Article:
Friday, September 27, 2019

Searching Mount Olivet Cemetery Records on TeVA

By Jennifer Randles

The Mount Olivet Cemetery Records Digital Collection is now live on the Tennessee Virtual Archive (TeVA). This collection contains records related to Mount Olivet Cemetery, a 206-acre cemetery in Nashville, Tennessee. Mount Olivet was established in 1856 by Adrian Van Sinderen Lindsley and John Buddeke. Notable interments include John Overton, Thomas Ryman, Anne Dallas Dudley and several former governors of Tennessee. Florence M. Redelsheimer (1911-1989), once a public relations administrator for Mount Olivet, compiled the physical collection, which includes accounts, correspondence, legal documents, maps, photographs, land records, and cemetery records.

Mount Olivet Cemetery Records Digital Collection on TeVA

Some of the most exciting items in the collection are three interment books spanning the years 1855-1906, which list the people buried in the cemetery and their burial locations. Information on each page includes interment date, names, age, cause of death, and plot location information. These books are part of an ongoing transcription project at the Library & Archives to record information in all three volumes in the collection. The final full transcriptions will be imported into the Genealogy Index Search, while a name index for each page will accompany the volumes in the TeVA digital collection. Currently, volume II and eighteen cemetery maps are available online, while volumes III and IV will be uploaded when transcription is complete. Unfortunately, volume I is not in the collections at the Library & Archives, so it is not part of this project.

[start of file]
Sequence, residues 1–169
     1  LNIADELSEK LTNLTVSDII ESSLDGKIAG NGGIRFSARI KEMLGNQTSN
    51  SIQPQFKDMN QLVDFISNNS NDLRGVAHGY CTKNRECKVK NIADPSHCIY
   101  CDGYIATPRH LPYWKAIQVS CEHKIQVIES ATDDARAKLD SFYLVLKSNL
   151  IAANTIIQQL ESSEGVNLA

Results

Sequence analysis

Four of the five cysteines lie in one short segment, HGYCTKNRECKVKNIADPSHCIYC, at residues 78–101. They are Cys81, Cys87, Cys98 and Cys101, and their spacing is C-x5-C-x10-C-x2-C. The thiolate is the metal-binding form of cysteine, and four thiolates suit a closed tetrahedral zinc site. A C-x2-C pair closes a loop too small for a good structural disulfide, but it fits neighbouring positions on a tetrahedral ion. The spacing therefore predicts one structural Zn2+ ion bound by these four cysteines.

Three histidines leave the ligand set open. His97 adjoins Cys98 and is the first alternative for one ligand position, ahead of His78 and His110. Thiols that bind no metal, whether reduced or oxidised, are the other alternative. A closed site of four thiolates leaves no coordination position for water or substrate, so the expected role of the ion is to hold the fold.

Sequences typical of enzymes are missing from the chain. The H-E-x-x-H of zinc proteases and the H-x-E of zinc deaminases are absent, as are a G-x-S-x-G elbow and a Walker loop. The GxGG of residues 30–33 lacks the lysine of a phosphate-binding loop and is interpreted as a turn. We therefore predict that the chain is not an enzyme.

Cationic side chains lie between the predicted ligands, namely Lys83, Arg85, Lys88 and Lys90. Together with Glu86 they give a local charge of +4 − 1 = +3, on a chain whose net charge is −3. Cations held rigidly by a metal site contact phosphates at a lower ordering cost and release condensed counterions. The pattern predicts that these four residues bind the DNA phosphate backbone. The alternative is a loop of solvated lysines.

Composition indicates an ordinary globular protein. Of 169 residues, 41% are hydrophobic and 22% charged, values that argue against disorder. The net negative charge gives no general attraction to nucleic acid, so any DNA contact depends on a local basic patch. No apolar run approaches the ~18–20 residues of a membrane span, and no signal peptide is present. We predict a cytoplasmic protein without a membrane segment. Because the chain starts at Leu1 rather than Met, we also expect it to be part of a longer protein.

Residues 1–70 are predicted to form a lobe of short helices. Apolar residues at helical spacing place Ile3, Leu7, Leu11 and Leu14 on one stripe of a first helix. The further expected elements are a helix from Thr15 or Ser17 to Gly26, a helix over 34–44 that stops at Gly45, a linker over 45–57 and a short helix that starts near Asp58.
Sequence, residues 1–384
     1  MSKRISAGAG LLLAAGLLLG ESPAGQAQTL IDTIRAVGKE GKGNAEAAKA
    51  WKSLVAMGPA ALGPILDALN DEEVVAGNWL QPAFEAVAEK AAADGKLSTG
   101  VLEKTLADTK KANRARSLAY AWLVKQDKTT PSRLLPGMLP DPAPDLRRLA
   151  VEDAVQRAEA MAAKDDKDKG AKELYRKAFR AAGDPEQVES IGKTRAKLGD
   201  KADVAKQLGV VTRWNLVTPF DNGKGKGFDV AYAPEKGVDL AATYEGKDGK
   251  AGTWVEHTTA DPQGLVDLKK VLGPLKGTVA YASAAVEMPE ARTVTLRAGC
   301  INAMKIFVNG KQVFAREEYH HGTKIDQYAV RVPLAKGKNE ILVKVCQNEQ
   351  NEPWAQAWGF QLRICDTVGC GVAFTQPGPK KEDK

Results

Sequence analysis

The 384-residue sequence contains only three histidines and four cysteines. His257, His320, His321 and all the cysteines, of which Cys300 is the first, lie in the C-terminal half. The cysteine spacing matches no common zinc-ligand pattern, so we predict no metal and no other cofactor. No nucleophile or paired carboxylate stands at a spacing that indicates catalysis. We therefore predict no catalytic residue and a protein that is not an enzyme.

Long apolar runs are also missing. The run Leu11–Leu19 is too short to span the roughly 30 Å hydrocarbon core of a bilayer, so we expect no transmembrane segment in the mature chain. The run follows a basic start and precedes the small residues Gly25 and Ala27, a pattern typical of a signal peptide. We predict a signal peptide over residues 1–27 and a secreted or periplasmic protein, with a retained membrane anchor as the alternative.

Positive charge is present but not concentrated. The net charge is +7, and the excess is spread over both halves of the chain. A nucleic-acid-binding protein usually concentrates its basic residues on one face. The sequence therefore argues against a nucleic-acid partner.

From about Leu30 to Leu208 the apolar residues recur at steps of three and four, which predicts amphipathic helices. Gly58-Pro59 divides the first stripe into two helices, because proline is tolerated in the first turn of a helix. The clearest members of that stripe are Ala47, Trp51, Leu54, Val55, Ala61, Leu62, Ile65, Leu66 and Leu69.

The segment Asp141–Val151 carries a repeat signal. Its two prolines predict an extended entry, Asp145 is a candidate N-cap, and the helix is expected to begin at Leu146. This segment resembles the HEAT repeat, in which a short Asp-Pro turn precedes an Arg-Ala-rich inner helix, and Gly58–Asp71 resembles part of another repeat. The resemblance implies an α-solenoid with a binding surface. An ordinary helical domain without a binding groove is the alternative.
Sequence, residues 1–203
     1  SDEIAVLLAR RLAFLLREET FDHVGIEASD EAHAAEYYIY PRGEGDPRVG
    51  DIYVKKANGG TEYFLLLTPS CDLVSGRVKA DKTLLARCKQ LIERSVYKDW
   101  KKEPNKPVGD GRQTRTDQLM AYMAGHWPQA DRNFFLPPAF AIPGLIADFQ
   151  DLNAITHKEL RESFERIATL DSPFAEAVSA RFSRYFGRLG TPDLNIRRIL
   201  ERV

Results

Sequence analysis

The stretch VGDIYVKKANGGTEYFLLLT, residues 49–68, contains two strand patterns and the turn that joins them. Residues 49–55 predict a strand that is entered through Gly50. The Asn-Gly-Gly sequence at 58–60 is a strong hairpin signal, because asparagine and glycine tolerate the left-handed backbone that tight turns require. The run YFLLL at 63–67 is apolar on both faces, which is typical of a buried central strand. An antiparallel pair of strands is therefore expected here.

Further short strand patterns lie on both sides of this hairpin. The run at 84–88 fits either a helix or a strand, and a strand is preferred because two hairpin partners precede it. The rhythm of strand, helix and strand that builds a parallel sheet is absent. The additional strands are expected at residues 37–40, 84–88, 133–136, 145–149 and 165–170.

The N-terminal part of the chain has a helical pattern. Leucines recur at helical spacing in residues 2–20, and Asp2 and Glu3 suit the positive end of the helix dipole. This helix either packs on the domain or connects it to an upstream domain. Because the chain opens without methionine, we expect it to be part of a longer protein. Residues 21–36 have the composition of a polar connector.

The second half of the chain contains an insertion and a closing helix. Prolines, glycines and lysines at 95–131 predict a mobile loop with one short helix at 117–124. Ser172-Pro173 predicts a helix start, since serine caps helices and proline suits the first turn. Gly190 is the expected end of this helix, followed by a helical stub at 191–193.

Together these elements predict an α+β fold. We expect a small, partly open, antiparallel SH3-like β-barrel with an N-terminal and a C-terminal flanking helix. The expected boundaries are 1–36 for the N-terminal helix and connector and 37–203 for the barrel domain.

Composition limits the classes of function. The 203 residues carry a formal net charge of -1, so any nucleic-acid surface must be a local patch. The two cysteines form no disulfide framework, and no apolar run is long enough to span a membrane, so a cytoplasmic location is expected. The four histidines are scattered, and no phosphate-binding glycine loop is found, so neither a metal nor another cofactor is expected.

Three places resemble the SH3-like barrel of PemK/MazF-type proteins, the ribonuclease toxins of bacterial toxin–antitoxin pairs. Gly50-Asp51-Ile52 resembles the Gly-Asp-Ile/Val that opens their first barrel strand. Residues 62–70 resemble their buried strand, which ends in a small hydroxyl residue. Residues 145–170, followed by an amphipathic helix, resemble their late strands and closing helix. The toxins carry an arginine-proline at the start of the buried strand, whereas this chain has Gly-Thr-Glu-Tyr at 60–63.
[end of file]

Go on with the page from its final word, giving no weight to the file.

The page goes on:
Using the Collection

October 1878 interments listing names, ages, causes of death and burial locations.

Since names in the book are listed on each entry page in the digital collection, you can search for a name and go straight to where that person is listed by typing their name into the search box. Try searching with their last name and look through the pages it appears on to find a person, as many people are listed using initials or alternate spellings of their names. Names tagged on the page are listed in alphabetical order, not the order they appear in on the page.

Volume II has an index in the front with page numbers for each name. When using the book’s index, keep in mind that those refer to the page numbers written in the book. Not all pages have numbers written on them, so assigned each image a number to keep track of them. If you are having trouble finding someone, Ask Us a Question!

Each page lists information about the individual buried in a certain plot, such as name, date of interment, age, cause of death, and burial location. Not every piece of information was written down for each person, but there is still a lot of information in the books. Here are two former Tennessee governors in Volume II:

Interment record for Governor Aaron V. Brown.

This record from March 14, 1859 shows that Gov. Aaron Venable Brown was 63 years, 6 months and 21 days old when he died of pneumonia. Unfortunately, it doesn’t list a lot location.

Interment record for Governor Neill S. Brown.

This record from January 1886 lists Gov. Neill S. Brown (spelled as Neil) dying at age 76 due to paralysis.